Discipline: Biological Sciences
Kennedi Weston - University of Arkansas at Pine Bluff
Co-Author(s): Steven L.Foley- U.S. Food and Drug Administration-NCTR Ashlyn Carlton- University of Arkansas at Pine Bluff Yasser Sanad- University of Arkansas at Pine Bluff Bijay Khajanchi-U.S. Food and Drug Administration-NCTR Nesreen Aljahdali- U.S. Food and Drug Administration-NCTR Jing Han - U.S. Food and Drug Administration-NCTR
Many members of the Enterobacteriaceae carry plasmids such as incompatibility group (Inc) I1 plasmids that encode virulence and antimicrobial resistance that allow strains to survive in diverse conditions. Carriage of plasmids can lead to increased fitness costs, which is evidenced by diminished growth rates; however, the cost associated with IncI1 plasmids, alone or in combination with additional plasmids on Escherichia coli. Twenty-two transconjugants strains were developed by transferring plasmids from Salmonella into E.coli J53. IncI1 plasmids were typed by multilocus sequence typing (pMLST) and transconjugants were evaluated by seeding four wells of a 96-well microtiter plate with each strain and the plates were incubated at 37°C for 18 hr. in a Spectramax 384 Plus plate reader. Absorbance reading at 600 nm were taken every 30 min and exported to Microsoft Excel for analyses, with each set of experiments repeated. Results: Of the transconjugants, 12 strains carried the IncI1 plasmid alone, 10 strains also carried an IncA/C plasmid. pMLST indicated that there were 10 different sequence types, with ST26 being most common (n=9). The strains with growth rate higher than E.coli J53 carried both IncI1 and A/C plasmids, while those with the lowest growth rates had only the IncI1 plasmid. This study assessed the impact of plasmid carriage. Interestingly, some transconjugants carrying both IncI1 and A/C plasmids had a fitness benefit, while those with the highest fitness cost carried only IncI1 plasmids.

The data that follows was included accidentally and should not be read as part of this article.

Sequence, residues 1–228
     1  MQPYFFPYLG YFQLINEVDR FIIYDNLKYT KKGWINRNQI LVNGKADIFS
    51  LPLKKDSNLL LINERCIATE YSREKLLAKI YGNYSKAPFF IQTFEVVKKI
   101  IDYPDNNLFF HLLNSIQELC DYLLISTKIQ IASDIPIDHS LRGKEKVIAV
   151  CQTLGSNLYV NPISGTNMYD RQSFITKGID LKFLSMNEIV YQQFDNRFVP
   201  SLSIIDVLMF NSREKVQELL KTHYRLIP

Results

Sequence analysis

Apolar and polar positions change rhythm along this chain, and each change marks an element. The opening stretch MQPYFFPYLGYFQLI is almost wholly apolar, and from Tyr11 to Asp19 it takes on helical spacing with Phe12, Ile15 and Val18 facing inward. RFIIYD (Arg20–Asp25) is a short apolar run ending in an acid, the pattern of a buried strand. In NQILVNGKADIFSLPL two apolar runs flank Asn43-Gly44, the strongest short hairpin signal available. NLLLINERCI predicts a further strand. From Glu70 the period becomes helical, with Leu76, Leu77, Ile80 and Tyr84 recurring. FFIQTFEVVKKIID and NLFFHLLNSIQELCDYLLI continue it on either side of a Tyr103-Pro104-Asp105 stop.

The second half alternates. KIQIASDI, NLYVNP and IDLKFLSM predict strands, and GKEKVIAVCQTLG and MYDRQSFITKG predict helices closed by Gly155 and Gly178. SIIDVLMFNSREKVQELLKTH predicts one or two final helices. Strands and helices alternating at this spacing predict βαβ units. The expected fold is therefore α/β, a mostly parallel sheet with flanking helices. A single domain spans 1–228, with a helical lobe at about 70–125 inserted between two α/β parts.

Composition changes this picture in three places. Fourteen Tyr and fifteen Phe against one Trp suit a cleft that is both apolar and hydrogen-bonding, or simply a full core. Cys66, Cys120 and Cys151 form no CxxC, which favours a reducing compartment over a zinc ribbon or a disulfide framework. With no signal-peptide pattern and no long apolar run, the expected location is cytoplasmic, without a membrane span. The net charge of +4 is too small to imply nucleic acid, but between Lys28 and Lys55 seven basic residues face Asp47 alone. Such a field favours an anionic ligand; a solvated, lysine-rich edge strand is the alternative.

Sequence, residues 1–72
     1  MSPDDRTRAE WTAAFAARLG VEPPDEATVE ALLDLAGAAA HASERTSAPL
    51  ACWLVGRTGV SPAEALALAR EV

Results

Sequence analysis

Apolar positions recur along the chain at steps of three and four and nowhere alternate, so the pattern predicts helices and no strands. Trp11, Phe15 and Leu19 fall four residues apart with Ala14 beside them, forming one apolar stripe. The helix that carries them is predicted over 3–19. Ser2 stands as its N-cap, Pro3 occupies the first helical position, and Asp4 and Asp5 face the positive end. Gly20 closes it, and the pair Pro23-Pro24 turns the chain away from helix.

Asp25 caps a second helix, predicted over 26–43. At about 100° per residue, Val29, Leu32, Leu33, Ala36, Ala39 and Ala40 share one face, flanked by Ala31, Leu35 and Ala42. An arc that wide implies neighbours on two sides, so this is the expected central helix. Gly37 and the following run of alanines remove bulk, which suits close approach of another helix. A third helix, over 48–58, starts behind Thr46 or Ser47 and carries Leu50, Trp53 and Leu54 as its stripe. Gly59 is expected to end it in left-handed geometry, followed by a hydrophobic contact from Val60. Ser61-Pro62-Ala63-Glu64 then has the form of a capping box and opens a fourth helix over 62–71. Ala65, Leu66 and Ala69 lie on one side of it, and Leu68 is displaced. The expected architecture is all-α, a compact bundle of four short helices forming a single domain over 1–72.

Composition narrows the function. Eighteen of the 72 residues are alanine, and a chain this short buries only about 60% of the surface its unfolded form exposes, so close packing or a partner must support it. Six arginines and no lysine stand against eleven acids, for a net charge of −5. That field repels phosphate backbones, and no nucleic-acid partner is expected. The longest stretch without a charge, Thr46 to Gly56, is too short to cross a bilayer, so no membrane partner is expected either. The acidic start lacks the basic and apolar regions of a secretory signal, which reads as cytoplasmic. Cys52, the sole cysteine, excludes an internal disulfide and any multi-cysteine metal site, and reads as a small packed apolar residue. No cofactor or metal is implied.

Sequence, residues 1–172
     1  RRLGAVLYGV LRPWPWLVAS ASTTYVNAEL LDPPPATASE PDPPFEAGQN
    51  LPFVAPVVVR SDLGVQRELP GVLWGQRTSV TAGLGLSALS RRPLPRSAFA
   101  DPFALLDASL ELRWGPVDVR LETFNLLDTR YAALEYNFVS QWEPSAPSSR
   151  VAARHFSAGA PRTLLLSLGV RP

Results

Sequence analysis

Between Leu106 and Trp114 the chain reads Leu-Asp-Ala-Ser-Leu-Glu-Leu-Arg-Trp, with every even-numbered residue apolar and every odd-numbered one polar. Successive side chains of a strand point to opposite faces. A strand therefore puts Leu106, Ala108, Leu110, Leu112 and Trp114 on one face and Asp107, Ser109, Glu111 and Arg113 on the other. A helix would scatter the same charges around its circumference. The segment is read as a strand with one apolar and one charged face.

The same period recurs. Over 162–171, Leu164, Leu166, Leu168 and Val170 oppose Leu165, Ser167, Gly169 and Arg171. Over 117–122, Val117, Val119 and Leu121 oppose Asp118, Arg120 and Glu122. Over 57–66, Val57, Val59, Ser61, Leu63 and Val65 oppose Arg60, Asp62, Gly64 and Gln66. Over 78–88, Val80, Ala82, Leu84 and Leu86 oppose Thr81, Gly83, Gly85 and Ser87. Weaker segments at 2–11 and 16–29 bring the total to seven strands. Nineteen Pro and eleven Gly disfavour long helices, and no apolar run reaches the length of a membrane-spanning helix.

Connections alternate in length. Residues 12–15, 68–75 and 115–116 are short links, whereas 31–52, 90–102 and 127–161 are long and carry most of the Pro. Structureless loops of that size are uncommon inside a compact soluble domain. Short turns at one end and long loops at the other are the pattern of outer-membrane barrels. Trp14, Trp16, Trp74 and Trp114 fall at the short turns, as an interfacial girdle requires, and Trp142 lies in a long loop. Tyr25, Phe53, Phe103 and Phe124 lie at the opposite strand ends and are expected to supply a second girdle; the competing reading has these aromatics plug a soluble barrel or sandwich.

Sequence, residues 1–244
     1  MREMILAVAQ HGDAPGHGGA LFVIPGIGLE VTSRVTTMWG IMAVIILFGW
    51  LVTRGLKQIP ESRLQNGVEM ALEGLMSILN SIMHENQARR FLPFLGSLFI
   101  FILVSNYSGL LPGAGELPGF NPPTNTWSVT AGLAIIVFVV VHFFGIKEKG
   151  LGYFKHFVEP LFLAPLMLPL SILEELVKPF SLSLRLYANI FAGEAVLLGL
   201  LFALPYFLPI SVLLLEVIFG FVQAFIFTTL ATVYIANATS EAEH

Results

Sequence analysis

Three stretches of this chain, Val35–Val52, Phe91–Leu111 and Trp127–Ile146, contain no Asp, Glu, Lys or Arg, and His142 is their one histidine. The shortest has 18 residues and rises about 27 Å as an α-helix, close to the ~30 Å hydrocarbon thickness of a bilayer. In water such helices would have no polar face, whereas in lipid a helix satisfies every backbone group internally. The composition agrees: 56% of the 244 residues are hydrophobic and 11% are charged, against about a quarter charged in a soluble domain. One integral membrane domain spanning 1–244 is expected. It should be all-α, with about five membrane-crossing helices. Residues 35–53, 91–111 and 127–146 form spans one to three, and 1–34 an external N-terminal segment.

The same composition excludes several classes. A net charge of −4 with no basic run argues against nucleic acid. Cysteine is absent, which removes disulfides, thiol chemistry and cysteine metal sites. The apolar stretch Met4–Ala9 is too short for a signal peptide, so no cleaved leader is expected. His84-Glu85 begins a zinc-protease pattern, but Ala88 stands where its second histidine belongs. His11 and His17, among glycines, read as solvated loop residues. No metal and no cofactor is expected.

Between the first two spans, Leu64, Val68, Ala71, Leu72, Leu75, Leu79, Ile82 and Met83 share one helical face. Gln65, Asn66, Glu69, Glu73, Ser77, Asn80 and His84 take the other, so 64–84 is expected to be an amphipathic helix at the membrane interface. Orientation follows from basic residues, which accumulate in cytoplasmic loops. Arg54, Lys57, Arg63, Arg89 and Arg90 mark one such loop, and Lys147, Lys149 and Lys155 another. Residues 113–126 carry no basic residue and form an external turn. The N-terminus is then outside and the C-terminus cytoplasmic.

Funder Acknowledgement(s): This project was supported in part by an appointment to the Research Participation Program at the U.S. Food and Drug Administration administered by the Oak Ridge Institute for Science and Education through an interagency agreement between the U.S. Department of Energy and the U.S. Food and Drug Administration.
Faculty Advisor: Anissa Buckner, firstname.lastname@example.org
Role: I gained a further understanding of plasmid genetics and plasmid biology, developed skills to evaluate the impact of antimicrobial exposure on plasmid transfer, and develoed additional skills for presenting scientific resultsthrough written and oral presentations.